Title:
Power converter motor drive btb system and system linking inverter system
Kind Code:
A1
Abstract:
The invention provides a bidirectional power converter, that can be connected directly to an AC system without interposing a transformer, that is small in size, light in weight, inexpensive to manufacture, and capable of regenerative operation, and also provides a motor drive equipped with such a power converter and a BTB system and a grid-linking inverter system each comprising such a power converter. The power converter comprises converter cells each comprising: a first AC/DC converter which performs bidirectional power conversion between single-phase AC power and DC power; a second AC/DC converter whose DC side is connected to the DC side of the first AC/DC converter, and which performs bidirectional power conversion between single-phase AC power and DC power; a third AC/DC converter which performs bidirectional power conversion between single-phase AC power and DC power; and a high-frequency transformer which is connected between the AC side of the second AC/DC converter and the AC side of the third AC/DC converter. If the power converter 1 is an AC-input/AC-output type, the power converter further comprises a fourth AC/DC converter which is connected to the DC side of the third AC/DC converter, and which performs bidirectional power conversion between single-phase AC power and DC power.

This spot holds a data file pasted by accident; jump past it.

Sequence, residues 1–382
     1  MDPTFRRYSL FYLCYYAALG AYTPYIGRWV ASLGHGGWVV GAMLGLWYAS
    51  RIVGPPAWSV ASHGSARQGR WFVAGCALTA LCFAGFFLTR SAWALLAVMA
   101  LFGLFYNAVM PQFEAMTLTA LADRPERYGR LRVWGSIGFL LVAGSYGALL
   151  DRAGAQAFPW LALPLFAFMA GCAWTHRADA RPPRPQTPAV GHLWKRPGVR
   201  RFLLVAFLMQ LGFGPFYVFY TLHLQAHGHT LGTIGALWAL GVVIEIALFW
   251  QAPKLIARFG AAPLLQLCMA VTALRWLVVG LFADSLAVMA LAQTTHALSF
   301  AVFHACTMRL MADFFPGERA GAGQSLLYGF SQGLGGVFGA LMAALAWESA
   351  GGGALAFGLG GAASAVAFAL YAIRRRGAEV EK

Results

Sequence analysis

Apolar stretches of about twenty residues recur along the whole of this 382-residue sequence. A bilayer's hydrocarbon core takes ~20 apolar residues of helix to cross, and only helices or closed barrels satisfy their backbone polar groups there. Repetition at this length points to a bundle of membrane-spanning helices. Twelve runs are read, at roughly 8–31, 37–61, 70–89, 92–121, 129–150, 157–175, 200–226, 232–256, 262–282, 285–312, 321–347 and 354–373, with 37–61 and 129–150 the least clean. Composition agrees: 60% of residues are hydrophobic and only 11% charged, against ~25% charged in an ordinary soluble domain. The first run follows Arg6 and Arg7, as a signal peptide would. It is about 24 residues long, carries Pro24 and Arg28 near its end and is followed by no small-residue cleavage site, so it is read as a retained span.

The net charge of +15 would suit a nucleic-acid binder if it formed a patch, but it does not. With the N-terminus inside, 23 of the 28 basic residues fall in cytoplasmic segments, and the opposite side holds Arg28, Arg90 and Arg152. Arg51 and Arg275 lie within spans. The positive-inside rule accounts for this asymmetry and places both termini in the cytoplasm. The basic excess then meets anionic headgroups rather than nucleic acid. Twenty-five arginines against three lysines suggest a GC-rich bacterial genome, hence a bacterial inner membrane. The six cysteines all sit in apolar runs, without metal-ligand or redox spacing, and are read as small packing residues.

Inventors:
Akagi, Hirofumi (Tokyo, JP)
Application Number:
10/568772
Publication Date:
10/19/2006
Filing Date:
03/08/2004
Primary Class:
International Classes:
H02M5/45; H02M7/25; H02M5/458; H02M7/48; H02P27/06
View Patent Images:
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Primary Examiner:
VU, BAO Q
Attorney, Agent or Firm: